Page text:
Penn State Intercom......February
pre-Medicare insurance plan
By Barbara Hale
As Congress and the Bush administration get set to overhaul Social Security and Medicare, University health policy analysts have published a plan to address the health insurance dilemma those age 62 to 64 face when they're too young for Medicare but don't have access to an employer's health plan.
Short, professor and director of the Center for Health Policy Research,
led the study. She said, "Some Americans will lose coverage through their
employer's health plan if they retire at 62, the age at which they first
qualify for Social Security. Others already lack health insurance at 62
because they stopped working or have jobs that don't provide coverage.
Many cannot afford the high cost of an individual policy at that age.
Being uninsured is a particularly significant problem among people 62
to 64 because the risk of serious and costly illness is greatest for older
With support from the Commonwealth Fund Task Force on the Future of Health Insurance, Short and co-authors Dennis Shea, professor of health policy and administration, and Paige Powell, a doctoral student, developed a solution.
The researchers propose that everyone over age 62 be allowed to purchase coverage through Medicare at a community-rated premium. For individuals and couples with low lifetime earnings, they propose government-subsidized vouchers that could be used either to buy into Medicare or to pay for private health insurance. To help everyone else save for health insurance after age 62, when premiums are high because of the greater likelihood of large claims for older policyholders, the researchers propose tax-free medical insurance savings accounts.
"Currently, non-group insurance, which is very costly, is more prevalent among the pre-Medicare population than any other age group. We propose giving all people 62 to 64 access to a source of insurance that achieves some of the economies of scale offered by large employer plans," said Short. "We favor Medicare over new sources of insurance because this age group is only three years away from enrolling in Medicare anyway."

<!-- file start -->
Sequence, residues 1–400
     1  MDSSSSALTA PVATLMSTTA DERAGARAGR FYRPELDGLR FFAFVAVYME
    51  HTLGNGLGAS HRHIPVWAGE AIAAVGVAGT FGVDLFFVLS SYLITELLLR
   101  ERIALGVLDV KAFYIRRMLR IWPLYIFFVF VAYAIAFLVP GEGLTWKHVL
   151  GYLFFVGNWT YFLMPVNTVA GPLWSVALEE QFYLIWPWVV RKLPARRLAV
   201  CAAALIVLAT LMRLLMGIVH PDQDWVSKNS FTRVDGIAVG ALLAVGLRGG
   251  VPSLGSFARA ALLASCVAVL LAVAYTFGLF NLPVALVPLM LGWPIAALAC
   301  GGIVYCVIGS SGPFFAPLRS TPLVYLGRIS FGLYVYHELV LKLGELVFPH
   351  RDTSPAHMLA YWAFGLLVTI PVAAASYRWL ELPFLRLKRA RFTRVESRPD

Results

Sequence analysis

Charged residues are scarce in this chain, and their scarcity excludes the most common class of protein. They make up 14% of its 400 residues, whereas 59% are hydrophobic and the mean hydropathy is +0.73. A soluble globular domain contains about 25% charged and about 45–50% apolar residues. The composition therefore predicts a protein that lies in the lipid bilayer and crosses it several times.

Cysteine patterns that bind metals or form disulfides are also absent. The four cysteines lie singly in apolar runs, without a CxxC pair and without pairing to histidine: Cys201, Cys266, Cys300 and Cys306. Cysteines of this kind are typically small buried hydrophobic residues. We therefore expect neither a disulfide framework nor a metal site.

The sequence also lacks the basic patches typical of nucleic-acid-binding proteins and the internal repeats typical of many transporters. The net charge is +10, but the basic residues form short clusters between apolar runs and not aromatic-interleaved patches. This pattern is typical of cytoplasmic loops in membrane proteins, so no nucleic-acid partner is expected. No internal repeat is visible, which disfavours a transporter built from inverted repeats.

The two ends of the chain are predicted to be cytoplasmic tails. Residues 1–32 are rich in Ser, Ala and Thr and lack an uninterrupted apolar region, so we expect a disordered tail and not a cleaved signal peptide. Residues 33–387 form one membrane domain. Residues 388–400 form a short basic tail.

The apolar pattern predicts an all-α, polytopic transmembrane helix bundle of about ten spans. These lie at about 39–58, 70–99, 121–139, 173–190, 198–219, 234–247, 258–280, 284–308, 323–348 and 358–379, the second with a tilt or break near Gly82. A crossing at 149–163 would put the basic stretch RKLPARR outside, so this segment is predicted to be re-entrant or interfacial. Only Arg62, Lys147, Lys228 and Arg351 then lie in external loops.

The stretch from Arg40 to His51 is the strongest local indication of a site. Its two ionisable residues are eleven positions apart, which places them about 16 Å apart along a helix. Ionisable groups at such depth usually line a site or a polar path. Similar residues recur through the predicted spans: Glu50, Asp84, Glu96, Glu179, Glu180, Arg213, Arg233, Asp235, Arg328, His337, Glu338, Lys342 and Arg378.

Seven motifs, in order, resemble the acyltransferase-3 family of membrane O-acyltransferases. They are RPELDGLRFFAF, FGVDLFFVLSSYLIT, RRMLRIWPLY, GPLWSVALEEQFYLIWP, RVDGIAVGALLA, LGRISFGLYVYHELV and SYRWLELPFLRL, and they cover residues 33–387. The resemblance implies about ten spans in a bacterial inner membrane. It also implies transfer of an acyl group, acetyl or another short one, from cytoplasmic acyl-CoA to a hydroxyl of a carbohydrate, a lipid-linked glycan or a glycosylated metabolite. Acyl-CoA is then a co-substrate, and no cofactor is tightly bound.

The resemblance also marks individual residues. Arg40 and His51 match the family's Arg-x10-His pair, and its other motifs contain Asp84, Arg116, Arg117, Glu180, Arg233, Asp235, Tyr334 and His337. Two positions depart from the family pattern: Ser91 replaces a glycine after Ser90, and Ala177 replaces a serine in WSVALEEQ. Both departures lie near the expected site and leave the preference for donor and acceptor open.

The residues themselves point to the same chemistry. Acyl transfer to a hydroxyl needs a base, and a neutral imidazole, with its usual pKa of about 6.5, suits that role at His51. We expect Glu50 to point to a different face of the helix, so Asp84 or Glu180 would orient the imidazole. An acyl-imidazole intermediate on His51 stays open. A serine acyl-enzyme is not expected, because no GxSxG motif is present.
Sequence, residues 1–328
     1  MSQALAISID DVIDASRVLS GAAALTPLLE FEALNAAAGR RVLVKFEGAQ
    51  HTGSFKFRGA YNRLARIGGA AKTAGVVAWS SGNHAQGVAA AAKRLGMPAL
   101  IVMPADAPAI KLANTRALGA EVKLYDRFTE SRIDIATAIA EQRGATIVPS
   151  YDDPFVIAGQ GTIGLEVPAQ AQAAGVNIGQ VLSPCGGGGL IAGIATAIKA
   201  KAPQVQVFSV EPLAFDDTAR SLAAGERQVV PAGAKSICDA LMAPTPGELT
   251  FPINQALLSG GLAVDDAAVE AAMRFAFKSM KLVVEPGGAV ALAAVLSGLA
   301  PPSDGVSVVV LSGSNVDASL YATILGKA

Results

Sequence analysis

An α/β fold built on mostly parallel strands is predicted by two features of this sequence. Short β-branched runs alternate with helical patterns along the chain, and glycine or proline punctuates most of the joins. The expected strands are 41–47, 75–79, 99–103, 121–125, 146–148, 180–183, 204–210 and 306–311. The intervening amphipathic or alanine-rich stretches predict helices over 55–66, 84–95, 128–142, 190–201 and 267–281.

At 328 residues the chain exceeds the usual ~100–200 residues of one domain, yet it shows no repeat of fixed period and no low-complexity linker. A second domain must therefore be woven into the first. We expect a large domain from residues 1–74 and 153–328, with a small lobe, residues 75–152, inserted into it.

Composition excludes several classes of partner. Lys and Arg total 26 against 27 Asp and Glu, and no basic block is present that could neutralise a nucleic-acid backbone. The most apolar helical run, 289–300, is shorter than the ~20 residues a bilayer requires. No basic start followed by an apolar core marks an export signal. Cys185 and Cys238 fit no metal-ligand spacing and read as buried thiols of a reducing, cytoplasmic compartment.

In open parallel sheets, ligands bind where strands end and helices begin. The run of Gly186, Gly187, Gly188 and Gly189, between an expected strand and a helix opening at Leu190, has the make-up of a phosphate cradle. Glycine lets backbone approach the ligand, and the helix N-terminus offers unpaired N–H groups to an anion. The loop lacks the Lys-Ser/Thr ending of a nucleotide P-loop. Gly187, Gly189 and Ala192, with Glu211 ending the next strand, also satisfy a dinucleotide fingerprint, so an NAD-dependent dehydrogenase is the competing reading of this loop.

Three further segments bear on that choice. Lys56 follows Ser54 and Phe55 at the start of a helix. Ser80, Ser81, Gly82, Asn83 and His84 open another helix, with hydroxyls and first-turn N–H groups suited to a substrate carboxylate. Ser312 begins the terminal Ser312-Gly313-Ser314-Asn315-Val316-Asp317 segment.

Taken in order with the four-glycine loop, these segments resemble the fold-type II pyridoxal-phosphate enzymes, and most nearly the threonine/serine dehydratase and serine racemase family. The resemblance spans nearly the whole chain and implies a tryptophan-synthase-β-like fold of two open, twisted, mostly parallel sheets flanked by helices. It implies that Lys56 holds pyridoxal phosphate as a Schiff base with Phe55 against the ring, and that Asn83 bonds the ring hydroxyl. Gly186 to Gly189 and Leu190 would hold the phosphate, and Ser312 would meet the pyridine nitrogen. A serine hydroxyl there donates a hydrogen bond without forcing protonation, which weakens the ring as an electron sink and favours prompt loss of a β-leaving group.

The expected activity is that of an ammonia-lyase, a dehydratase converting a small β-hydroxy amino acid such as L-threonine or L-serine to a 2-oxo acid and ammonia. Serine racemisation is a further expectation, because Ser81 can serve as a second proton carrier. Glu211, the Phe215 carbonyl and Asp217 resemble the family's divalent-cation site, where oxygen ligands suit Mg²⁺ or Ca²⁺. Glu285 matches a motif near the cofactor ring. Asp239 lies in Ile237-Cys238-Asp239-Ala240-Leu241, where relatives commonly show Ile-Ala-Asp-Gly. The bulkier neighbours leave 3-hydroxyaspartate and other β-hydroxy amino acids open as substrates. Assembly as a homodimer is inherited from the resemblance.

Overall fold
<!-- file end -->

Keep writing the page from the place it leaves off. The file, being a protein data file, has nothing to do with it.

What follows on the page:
The authors noted that their proposal does not favor either work or retirement for people age 62 to 64 since both workers and early retirees would be eligible for pre-Medicare vouchers and savings accounts. However, they added that, by providing all older Americans with access to group insurance and by basing subsidies on lifetime earnings, their proposal will encourage some people to retire earlier.
'rainforest' soaks up wastewater
from University treatment plant
By Jeff Mulhollem
For nearly two decades the University has recycled all its wastewater by irrigating farm crops and forest areas. Now, thanks to tree research done in the College of Agricultural Sciences, the system will perform better.
"We have created a sort of northern rainforest," according to Todd Bowersox, professor of silviculture, a branch of forestry dealing with the care and development of forests. In the last seven years he has developed a plant community that can continue to absorb much of the 2 inches of wastewater that is sprayed on it every week of the year.
Normal rainfall in central Pennsylvania is 40 to 45 inches annually. The University sprays an additional 104 inches onto the wastewater recycling area near Toftrees in Patton Township. The irrigation field is part University land and partly owned by the Pennsylvania Game Commission, known as State Game Land 176.